Roger Bonair-Agard moved the crowd of around 60 with a spoken-word poem about coming from Trinidad and Tobago to the U.S., where he first realized he was the 'black man.'
"To the hip hip hop a you don't stop, the rock it to the bang bang boogie say up jumped the boogie, to the rhythm of the boogie, the beat."
These lyrics from The Sugar Hill Gang's 1979 classic "Rapper's Delight" were repeated throughout Thursday night by the speakers at the "Spoken Word and Hip-Hop Education in the Academy: Potential for a New Pedagogy" panel at the five-day Wisconsin Book Festival. HBO Def Poets Willie Perdomo and Roger Bonair-Agard addressed the enduring, evolving nature of hip-hop and spoken word. They were joined by UW professors Deborah Jenson and Sandra Adell and Sofia Snow, a student in the university's new First Wave program. Def Poet Kevin Coval moderated the event.
The night started with Bonair-Agard, who moved the crowd of around 60 with a spoken-word poem about coming from Trinidad and Tobago to the U.S., where he first realized he was the "black man." Perdomo did the same with his lyrical, powerful performance, noting that young writers should to look at the world around them, give voice to marginalized populations and write in everyday language to reach their peers.
Both poets emphasized the impact hip-hop had on them from an early age and how important it is to address the "hip-hop profiling" that is going on in popular culture today -- how, according to Perdomo, the "white media portrays black bodies in one way and only one way."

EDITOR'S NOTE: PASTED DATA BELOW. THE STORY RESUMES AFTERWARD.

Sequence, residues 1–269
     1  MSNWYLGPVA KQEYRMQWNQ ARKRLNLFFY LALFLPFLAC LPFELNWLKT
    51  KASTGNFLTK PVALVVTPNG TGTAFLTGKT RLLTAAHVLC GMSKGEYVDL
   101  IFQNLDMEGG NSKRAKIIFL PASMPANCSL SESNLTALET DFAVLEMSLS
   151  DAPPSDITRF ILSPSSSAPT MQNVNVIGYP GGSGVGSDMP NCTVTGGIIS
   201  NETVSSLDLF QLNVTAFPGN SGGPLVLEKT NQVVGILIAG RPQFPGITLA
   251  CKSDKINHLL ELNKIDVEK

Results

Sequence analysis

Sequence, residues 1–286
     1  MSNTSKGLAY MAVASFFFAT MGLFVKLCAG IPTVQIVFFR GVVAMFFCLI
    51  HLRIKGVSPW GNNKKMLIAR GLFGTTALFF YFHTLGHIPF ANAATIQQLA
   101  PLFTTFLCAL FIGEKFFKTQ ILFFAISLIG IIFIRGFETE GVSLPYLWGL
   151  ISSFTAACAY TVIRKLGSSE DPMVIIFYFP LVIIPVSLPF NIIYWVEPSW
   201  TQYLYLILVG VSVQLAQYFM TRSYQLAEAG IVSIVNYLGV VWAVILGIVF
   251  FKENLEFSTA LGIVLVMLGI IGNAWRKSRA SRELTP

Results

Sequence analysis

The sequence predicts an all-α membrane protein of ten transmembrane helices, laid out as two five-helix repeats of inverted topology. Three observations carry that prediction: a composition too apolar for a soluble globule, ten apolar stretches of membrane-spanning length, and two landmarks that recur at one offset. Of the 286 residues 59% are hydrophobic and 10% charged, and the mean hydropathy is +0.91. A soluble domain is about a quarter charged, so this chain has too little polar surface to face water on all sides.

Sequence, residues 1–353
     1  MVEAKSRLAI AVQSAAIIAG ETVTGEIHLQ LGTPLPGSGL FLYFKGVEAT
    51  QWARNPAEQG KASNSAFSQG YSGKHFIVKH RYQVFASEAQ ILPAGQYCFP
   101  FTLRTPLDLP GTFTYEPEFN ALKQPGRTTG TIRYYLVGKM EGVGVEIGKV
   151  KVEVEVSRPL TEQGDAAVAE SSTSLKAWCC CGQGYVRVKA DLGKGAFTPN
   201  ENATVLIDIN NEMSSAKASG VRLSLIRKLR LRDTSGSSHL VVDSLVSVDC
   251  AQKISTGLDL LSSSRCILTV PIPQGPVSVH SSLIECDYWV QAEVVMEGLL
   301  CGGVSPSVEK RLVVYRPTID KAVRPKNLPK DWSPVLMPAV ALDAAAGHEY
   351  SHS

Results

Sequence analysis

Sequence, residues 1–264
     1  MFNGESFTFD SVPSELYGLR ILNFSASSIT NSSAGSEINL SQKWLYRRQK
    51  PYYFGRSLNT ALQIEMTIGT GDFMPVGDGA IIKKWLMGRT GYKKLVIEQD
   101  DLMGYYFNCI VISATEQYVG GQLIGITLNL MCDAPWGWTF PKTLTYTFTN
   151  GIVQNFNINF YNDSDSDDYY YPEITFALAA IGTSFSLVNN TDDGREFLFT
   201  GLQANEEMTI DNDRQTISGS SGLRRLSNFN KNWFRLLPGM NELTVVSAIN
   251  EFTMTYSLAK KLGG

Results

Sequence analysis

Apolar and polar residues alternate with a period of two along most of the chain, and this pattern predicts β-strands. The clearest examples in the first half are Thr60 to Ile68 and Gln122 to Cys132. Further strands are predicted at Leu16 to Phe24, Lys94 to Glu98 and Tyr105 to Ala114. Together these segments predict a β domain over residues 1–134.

Jenson and Adell spoke next, relating the culture of hip-hop to the contemporary university system and how they can be integrated in the educational process. Jensen, a professor of French, said she became interested in hip-hop after she found that her research of Haitian poetry mimicked the lyrics in today's songs. Adell, a professor of African-American Studies, said she realized after teaching in California how important it was to include the poetry and message of "real" hip-hop into the education of today's students.
As Jensen noted: "Spoken word and First Wave give kids a chance to speak as intellectuals in their own language, which has been seen by the world of academia as dangerous or slang."
The students of the First Wave certificate program were out in force to support freshman Sofia Snow. The UW program recruited 15 students in their first year, teaching them how to incorporate their interests into an artistic, educated university setting. The students' energy and enthusiasm on Thursday night were contagious.
Coval ended the panel with the point that hip-hop isn't going anywhere, and in fact, is a way for students to reach their peers in today's language.
The First Wave program and DJPain1 are hosting an open mic with Bonair-Agard, Perdomo, and the Midwest Youth Slam All-Stars at 9 p.m. on Friday night at the Memorial Union. On Saturday, the First Wave Hip-Hop Theater Ensemble will debut its inaugural full-length production at Lathrop Hall on the UW campus. All of these events are a part of the 3rd Annual International Spoken Word Series at the Wisconsin Book Festival.